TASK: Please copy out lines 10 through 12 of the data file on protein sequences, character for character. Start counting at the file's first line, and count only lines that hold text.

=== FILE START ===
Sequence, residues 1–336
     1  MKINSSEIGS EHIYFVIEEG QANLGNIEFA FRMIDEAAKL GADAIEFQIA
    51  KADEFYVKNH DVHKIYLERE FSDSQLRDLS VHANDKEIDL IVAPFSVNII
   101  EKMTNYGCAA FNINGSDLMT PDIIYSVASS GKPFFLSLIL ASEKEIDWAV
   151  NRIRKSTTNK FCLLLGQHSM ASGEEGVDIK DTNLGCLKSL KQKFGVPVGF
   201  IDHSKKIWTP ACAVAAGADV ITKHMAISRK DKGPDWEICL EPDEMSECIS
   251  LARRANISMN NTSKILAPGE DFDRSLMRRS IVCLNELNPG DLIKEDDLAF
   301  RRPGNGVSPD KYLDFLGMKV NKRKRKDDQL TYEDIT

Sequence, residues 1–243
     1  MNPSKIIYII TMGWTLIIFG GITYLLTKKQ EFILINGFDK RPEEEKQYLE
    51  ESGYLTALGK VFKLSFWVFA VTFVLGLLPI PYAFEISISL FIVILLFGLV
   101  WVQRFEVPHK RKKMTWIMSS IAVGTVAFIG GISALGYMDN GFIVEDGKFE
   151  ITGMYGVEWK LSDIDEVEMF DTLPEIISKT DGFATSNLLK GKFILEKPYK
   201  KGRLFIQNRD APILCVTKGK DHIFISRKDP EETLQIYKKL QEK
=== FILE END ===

     1  MNPSKIIYII TMGWTLIIFG GITYLLTKKQ EFILINGFDK RPEEEKQYLE
    51  ESGYLTALGK VFKLSFWVFA VTFVLGLLPI PYAFEISISL FIVILLFGLV
   101  WVQRFEVPHK RKKMTWIMSS IAVGTVAFIG GISALGYMDN GFIVEDGKFE